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Pennsylvania in Middle of National Health Rankings

State’s Ranking is Despite Opioid Problem


January 2, 2020

When it comes to healthiness, Pennsylvania finds itself in the middle of the pack and essentially representative of some of the trends happening across the country.

That’s the key finding from America’s Health Rankings, a report released this month by the United Health Foundation that assesses public health on both a nationwide and a state-by-state basis.

The Keystone State finds itself in almost the exact same spot it was nearly 30 years ago. Its No. 28 ranking among the 50 states for 2019 is two spots down from where it ranked in the initial report released in 1990 and one down from its 2000 and 2010 rankings.

“Many health issues that were concerning in 1990 remain so today, and additional issues have arisen that require action now,” said Dr. Rhonda Randall, the chief medical officer for UnitedHealthcare. “America’s Health Rankings will continue to provide evolving state and national snapshots of health to inform and drive action to build healthier communities.”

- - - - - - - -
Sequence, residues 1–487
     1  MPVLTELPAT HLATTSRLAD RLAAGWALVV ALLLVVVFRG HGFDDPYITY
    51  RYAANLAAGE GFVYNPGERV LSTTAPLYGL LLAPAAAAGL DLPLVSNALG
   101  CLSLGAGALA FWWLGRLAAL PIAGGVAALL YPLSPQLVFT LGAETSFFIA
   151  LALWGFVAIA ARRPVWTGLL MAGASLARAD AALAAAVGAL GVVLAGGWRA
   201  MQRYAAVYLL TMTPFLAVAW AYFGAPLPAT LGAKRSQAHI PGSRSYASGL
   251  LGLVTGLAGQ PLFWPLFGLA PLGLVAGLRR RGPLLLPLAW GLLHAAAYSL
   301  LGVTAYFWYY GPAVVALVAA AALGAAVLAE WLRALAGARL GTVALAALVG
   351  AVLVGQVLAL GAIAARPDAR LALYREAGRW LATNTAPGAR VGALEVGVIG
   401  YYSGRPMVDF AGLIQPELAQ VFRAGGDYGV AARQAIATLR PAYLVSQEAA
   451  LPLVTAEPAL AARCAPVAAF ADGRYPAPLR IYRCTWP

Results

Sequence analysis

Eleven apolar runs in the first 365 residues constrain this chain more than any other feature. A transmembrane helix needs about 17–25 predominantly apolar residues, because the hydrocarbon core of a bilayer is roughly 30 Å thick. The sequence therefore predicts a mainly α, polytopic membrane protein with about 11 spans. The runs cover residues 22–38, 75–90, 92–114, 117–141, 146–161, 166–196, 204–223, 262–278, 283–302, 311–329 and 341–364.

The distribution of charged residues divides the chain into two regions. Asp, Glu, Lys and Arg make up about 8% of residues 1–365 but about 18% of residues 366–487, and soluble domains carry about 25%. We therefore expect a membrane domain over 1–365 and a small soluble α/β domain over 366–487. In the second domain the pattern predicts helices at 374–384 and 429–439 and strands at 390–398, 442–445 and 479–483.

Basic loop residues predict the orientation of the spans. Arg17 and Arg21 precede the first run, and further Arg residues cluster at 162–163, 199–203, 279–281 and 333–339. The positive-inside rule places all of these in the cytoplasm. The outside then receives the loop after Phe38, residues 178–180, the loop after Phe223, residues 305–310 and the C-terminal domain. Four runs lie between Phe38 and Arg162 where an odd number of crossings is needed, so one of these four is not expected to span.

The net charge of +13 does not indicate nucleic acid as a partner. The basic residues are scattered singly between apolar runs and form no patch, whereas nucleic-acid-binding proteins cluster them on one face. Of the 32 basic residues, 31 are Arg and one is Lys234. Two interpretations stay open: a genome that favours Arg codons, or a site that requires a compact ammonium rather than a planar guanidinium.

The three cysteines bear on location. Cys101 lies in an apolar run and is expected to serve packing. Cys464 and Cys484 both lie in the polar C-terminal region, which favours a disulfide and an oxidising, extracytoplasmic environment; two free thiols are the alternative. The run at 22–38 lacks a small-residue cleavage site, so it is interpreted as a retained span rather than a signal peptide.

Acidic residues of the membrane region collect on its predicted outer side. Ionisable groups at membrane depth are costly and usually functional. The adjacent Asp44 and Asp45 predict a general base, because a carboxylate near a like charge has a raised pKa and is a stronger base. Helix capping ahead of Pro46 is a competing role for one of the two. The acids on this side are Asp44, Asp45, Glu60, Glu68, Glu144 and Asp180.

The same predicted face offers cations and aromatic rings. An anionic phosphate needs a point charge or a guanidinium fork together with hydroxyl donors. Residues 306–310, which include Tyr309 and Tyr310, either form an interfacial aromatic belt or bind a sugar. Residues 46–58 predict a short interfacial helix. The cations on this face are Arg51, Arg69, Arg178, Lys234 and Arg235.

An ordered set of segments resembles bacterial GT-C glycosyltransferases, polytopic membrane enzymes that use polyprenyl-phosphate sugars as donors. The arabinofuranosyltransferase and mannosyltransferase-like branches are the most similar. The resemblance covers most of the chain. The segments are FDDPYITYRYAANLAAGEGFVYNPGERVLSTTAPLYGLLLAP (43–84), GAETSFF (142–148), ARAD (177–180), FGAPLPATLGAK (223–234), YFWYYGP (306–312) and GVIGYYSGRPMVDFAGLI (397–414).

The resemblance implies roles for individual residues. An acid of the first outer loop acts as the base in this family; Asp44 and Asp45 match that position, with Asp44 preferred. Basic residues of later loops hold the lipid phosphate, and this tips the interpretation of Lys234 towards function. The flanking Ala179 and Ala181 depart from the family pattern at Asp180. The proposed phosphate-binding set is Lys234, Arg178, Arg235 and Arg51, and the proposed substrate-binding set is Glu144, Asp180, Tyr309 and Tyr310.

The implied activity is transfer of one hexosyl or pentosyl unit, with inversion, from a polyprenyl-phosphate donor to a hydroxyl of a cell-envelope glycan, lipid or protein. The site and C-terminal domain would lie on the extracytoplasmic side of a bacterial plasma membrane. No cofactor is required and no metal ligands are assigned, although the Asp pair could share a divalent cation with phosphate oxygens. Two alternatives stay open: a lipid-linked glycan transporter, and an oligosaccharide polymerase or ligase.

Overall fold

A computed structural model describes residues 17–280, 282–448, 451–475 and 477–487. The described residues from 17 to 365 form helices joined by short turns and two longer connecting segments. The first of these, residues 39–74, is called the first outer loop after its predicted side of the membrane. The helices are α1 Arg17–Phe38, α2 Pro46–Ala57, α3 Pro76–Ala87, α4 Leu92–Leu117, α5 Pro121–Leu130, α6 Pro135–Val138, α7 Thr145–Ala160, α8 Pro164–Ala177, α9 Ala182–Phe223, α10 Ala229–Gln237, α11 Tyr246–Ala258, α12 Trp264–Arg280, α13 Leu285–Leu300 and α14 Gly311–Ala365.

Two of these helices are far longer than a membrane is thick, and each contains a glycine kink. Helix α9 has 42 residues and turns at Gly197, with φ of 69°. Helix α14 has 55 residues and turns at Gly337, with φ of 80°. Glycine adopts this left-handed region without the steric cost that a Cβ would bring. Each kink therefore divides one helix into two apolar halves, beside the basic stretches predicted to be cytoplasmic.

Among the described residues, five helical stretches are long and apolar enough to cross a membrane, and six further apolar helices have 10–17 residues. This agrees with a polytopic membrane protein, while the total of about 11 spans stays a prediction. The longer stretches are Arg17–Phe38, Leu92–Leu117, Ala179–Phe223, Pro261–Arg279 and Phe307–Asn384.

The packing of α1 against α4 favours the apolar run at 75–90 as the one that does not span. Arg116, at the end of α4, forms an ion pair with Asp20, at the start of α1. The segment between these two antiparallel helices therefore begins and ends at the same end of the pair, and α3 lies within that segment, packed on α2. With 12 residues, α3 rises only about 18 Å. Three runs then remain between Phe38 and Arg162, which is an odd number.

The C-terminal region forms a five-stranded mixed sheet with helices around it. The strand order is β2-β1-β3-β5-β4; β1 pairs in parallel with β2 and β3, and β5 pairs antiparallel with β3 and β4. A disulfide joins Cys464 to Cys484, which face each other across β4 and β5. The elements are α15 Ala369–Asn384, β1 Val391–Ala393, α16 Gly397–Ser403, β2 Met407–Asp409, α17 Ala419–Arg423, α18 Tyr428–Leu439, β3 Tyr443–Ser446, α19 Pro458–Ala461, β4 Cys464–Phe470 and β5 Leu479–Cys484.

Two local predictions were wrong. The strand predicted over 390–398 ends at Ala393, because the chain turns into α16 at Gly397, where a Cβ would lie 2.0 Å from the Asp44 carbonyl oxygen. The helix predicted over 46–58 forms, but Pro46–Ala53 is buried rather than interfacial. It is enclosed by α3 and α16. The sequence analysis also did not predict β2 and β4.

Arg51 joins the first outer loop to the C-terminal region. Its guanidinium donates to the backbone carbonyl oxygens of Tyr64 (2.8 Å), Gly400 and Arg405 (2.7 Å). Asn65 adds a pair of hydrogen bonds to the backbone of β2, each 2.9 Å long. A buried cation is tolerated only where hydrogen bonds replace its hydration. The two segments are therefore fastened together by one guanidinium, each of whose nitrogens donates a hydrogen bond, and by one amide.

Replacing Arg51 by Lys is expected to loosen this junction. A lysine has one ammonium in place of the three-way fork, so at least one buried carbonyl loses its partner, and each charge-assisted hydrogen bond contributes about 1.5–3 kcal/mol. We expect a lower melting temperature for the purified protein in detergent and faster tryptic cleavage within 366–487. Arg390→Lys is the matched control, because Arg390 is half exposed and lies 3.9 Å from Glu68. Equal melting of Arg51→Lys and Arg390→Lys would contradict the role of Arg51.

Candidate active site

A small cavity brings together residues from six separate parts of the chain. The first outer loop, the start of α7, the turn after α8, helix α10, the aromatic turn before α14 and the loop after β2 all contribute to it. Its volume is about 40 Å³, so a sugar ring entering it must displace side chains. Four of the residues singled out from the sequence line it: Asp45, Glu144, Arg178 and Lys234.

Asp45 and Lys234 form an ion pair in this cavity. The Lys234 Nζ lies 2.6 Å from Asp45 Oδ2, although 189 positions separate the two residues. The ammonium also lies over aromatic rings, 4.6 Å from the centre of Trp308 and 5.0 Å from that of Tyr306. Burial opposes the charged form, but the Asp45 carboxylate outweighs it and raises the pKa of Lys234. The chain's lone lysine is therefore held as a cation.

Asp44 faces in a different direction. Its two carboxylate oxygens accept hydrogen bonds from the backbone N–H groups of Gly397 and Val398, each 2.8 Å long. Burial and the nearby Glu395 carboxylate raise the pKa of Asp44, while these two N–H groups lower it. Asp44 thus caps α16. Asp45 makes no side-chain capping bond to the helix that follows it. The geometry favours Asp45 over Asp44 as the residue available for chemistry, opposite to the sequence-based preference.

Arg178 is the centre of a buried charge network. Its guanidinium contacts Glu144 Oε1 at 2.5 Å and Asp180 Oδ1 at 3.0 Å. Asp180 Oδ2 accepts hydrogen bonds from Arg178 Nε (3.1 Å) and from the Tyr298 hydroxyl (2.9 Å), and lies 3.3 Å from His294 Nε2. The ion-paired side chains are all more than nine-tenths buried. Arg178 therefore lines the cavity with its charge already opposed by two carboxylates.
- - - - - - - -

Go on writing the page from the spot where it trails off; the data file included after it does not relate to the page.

The report ranks states on 35 health measures, such as drug-related deaths, air pollution statistics, immunization data, number of health care providers and health disparities.

Among the findings, Pennsylvania has seen its percentage of smokers decline by nearly a quarter – from 22.4 percent in 2012 to 17 percent in 2019. That nearly mirrors the national trend.

However, while fewer people are smoking, the drug epidemic is rising in the state. In just the past year alone, deaths due to drug use spiked 25 percent as the state reported 35.1 deaths per 100,000 people. That’s also 185 percent higher than the 2007 totals.

Nationally, the state’s drug death rate ranked 47th nationally. That tied for the state’s lowest rating, along with its air pollution rating.

The report also noted Pennsylvania had a statistically significant change in premature deaths, defined at those dying before age 75. In just one year, the number of those deaths – nearly 8,200 per 100,000 people – jumped two percent.


One area where Pennsylvania is strong is in the number of primary care physicians. With more than 216 per 100,000 people, the state ranked fifth nationally.

The state, though, ranks 33rd in terms of mental health providers, with more than 206 per 100,000 people. However, over the past two years, the number of mental health professionals have risen by 13 percent, according to the study.

Other areas where the state posted high marks was in the percentage of uninsured. With only 5.5 percent without health insurance, Pennsylvania ranked ninth nationally.

That may also help account for the small disparity in health among adults with a high school education and those who did not complete high school. The state ranked eighth there.

Among neighboring states, Pennsylvania, again, landed in the middle. New Jersey was its highest ranked neighbor, finishing seventh, while New York rated 11th and Maryland finished 17th. Delaware ranked 30th, Ohio was 38th and West Virginia came in 45th.


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